Visions of Paradise

Saturday, September 30, 2006

Best Short Novels 2006

I enjoy reading Best-of-the-Year anthologies, and I love novellas, so Jonathan Strahan’s annual Best Short Novels 2006 is must reading for me. Reading the book is easy pleasure, but writing its review is a bit more difficult, since all the stories in the book must be considered in part on two criteria: are they worthwhile reading, and do they deserve inclusion in a “best of the year” volume? All of the stories in this book succeed on the former basis, but not necessarily so on the latter. Of course, some of that is due to the editor’s taste being somewhat different than the reviewer’s taste. Strahan obviously enjoys clever writing and near-future development rising out of current technological trends, both more so than I do myself.

Ian McDonald’s “The Little Goddess” excels at showing a future India, but the plot is disjointed: the main character becomes a goddess at age 5, draws blood at age 12 due to an unfortunate accident and loses her divinity, is put into a bride pool where she marries an immortal who at age 20 resembles a baby of half her age, flees and becomes a smuggler. While the novella is somewhat pointless as a story, it certainly succeeds in its glimpses of the future and its energy never weakens.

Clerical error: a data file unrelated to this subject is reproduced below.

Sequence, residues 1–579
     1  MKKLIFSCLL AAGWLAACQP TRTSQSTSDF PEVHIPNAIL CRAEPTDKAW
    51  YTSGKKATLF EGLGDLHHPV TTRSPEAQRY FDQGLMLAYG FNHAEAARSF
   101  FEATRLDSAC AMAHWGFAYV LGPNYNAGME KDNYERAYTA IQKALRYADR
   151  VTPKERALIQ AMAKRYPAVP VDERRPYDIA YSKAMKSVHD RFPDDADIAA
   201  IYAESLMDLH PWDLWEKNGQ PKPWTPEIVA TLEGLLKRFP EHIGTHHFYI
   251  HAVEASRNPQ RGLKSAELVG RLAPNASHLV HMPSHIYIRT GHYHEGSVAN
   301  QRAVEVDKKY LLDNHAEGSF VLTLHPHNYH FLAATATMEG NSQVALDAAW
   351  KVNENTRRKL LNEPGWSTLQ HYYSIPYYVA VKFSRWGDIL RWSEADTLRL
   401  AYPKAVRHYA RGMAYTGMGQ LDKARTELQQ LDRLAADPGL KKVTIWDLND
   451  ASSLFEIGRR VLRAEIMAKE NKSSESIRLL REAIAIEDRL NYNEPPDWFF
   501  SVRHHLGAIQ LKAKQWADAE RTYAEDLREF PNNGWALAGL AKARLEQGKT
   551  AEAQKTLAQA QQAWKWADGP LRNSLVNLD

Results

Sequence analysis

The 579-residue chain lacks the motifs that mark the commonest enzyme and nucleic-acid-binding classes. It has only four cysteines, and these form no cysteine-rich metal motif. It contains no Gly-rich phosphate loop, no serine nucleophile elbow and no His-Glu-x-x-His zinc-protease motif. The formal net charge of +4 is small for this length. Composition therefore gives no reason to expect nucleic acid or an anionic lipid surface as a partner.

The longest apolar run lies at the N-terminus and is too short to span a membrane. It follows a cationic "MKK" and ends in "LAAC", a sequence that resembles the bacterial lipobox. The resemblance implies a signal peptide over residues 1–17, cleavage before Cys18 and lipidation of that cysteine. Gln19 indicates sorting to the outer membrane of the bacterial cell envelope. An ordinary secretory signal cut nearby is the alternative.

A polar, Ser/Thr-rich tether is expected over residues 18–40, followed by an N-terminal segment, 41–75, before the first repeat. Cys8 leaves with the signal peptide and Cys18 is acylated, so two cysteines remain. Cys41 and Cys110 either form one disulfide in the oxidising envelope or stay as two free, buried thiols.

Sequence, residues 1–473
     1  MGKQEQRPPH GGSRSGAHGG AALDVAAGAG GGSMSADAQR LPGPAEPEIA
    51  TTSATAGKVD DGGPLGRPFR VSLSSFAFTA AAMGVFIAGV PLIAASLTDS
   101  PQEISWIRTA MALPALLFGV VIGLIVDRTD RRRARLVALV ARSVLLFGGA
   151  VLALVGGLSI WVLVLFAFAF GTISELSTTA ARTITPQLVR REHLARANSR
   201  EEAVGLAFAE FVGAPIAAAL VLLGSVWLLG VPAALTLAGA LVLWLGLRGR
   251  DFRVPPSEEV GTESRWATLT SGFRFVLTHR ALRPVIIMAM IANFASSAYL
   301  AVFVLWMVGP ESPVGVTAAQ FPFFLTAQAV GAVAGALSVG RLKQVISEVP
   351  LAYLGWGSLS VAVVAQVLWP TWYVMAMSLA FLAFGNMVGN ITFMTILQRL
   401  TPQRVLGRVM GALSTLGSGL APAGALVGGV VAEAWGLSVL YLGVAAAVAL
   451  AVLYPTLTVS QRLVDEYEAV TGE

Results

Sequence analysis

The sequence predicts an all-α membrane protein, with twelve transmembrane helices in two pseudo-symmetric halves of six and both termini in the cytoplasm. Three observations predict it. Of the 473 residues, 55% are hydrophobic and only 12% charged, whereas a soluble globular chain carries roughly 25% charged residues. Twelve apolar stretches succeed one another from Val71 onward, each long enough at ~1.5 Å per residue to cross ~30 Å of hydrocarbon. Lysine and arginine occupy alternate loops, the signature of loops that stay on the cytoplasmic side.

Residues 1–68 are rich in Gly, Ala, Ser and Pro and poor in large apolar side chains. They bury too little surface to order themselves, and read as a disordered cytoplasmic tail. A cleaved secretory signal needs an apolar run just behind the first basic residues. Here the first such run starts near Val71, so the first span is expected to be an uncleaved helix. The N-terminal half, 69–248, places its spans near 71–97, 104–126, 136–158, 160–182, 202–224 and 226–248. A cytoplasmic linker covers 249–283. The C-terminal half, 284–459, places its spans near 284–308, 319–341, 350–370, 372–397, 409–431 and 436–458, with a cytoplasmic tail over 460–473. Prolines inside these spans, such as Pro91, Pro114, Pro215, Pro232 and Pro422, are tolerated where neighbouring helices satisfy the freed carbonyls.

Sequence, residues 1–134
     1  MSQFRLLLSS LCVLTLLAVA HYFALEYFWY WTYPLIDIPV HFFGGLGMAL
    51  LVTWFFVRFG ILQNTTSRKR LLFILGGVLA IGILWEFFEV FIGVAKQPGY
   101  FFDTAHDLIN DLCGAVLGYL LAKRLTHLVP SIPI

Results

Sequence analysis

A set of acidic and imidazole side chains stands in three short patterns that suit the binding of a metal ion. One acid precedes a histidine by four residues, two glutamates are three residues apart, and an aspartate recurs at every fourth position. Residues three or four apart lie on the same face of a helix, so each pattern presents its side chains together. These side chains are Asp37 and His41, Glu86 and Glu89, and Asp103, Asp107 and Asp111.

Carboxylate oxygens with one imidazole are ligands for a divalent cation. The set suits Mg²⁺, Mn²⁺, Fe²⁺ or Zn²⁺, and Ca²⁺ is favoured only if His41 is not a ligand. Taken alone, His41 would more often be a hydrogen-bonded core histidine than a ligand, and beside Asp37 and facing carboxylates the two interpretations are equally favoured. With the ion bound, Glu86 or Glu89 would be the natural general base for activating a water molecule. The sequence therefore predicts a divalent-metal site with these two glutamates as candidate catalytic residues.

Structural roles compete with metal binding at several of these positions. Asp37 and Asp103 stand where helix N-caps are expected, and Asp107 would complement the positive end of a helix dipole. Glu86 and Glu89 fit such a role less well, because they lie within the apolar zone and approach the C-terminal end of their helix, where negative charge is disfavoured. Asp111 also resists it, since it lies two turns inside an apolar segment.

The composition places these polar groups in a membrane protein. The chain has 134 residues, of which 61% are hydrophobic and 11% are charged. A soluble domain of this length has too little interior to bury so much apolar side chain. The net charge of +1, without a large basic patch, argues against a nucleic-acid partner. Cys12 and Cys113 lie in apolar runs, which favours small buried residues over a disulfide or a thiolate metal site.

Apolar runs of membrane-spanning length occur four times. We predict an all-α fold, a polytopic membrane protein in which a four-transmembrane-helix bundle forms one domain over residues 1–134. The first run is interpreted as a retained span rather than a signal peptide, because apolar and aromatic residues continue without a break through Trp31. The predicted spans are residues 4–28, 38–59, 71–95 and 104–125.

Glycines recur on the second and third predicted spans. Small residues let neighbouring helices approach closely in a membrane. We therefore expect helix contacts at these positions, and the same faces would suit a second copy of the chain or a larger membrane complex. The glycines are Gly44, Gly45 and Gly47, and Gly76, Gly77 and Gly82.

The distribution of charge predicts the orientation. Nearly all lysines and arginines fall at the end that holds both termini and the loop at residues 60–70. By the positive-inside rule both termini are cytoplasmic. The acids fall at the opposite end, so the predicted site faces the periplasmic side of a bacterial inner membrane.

Harry Turtledove’s “Audubon in Atlantis” examines an alternate world in which Atlantis is a continent lying between Europe and America, which is called Terranova there. Apparently Columbus reached Atlantis and it serves the role of America in our universe. As befits the title, the story is concerned with Audubon’s search for near-legendary animal life, specifically the giant gooselike honkers. The story has some nice scenery, with an expected ending, but it is not really a story as much as a fanciful travelogue.

Cory Doctorow’s “Human Readable” is a political drama in the near future concerning human rights in the face of encroaching technology. The technology is a bit overwhelming, not so much part of the story’s foundation as its sole raison d’etre, but it is still readable overall.

“The Policeman’s Daughter,” by Wil McCarthy, is a legal story about the individual rights of uploaded copies of humans. The setup is nicely-done, as two complementary storylines weave together, but there is little attempt on the part of the author to have the main character actually struggle to solve his twin dilemmas. Things just kind of happen routinely without any conflict.